• NZ Cycling Journal

STORY: Port Waikato Overnighter

WhatsApp was a-buzz … “Gravel mission, two day bikepacking trip … who’s in?” “Sweet!!” “I’m in!” “Yup!” The posse gathered; Xabi, Charles, Kim, Kylee, Liam and I, and not to forget our super photographer, domestique, karma cola provider and all things handy – Mr Cam MacKenzie. This was my first big bike mission since my operation and nine months off the road. I was feeling pretty nervous but so keen to get out there again. Nine months of yoga and pilates had given me a rock solid core and impressive downward dog pose but I was in need of a dusty adventure.



In preparation for this excursion, I broke all the cardinal rules of cycling long. 1) Slowly build up your miles if you have been off the bike for a while (we ended up totalling 160km, mostly gravel roads, over two days!). 2) Never go long on a brand new bike (this was my first time riding the trusty steel frame Wilson). 3) Always make sure you know how to change your tyres especially if you have tubeless (whoops!). Do as I say and not as I do … isn’t that the mantra. Here’s how we got on…


Day One - the crew gathered at Allpress downtown Auckland. I must say, the gold detail bling on the new Wilson did turn a few heads. After the ‘Whose bike bag is bigger game?’ and ‘What have you packed?’ dialogue, we moved onto tyres and tyre pressure. After solving the cycling world’s debate on this issue and a filling up on brioche and coffee, we embarked on our transfer – Britomart to Pakapura via train – one way to escape the city quick smart. When did you last take your bike on a train to get to the start of your adventure that much quicker? My first challenge to you all, find a new ride route that includes a train transfer.



After more tyre pressure banter (35s with 50psi was the consensus), we rolled off the train to start our excursion – Papakura to Waikaretu and the Limestone Caves for a roast dinner. Nothing like the thought of a good home cooked dinner to keep you going. Day one was 100km with 30km of gravel. It took a few kms to get the feel of my new bike and the bike bag. I opted for one rear bag. This was the Apidura 9 litre bag that velcros onto your seat post. Others were riding with a combination of front and rear bags from Revelate Designs, Blackburn and Lezyne. No one had any bag issues to note yet it was pretty fair weather so I don’t think we put the bags through their paces fully. We had knarly cross winds on Day Two which did cause a bit of angst initially knowing that you have a bit more hanging out the rear than usual.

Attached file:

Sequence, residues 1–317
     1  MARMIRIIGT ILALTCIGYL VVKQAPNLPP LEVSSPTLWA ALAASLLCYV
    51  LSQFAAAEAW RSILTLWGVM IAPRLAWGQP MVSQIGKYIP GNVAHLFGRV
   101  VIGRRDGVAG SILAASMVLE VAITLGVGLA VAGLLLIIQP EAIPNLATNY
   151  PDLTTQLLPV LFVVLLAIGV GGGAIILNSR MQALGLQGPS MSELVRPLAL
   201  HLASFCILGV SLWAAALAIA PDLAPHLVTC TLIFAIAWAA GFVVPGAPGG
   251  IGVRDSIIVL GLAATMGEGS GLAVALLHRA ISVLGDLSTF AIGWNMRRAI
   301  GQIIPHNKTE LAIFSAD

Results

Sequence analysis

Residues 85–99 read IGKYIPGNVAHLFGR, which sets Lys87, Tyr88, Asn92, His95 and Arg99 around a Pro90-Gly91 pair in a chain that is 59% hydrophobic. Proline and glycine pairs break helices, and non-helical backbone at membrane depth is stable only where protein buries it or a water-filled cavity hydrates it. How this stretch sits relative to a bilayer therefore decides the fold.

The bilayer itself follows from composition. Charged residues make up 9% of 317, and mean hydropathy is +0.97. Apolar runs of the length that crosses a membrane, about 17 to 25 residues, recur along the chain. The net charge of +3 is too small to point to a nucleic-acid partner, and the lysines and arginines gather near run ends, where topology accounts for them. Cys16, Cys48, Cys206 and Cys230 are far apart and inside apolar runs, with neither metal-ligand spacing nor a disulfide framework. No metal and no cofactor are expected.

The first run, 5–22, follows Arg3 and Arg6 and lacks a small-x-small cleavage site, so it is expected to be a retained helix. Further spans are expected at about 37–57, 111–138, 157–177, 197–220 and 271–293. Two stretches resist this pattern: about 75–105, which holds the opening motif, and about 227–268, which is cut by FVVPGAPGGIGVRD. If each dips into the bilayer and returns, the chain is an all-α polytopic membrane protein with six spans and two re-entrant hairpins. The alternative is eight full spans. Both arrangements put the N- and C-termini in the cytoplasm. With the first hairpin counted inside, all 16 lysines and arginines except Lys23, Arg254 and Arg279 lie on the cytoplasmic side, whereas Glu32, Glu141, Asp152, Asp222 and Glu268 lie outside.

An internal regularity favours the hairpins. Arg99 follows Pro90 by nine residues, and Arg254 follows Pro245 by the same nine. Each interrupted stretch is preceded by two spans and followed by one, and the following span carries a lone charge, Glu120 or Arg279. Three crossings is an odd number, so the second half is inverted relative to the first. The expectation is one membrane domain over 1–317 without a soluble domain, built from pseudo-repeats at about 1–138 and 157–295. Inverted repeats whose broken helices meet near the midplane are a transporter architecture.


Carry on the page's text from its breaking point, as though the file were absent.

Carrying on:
I have really fallen in love with bikepacking – having had a few more adventures since this excursion. Knowing that you have all your kit on you is a great feeling. Saying that, we didn’t need to pack a tent and sleeping equipment nor food and cooking equipment for the evening meal – so we were travelling light. I can hear the hard core cycle packers already - yes, I know we weren’t totally self-sufficient but what a great way to get newbies into it and you would totally stop for the night too if you tried Anne’s fruit crumble and custard from The Nikau Caves!


The convoy rolled on – Ramarama, Bombay, Tuakau. A quick BP steak and cheese pie before the venture into Onewhero. Tuakau has a stunning white bridge across the Waikato river. This town was originally a trading post for passing waka on the north bank of the Waikato. Cycling across the bridge I could imagine the majestic waka paddling below. At this point a figure caught my eye – Cam, our soigneur, had scaled the railings of the bridge to capture the adventurers as they rolled by below. I later found out that he had been a member of the junior NZ climbing team – tell me that now!



We rolled into Onewhero around midday to be greeted by some locals at the weekend farmers’ market. Time to restock the jersey pockets. A coin donation got you an instant coffee and a slice of your choice. I went for a huge hunk of fruit loaf. Onewhero translates to red soil and boasts nearly 4,000 residents. We traded stories about our trip ahead with their stories about the local residents and the local performing arts centre. With bidons refilled and farewell licks from the overzealous local farm dog, we rolled on. Sometimes you just have to look up, roll in and pull up.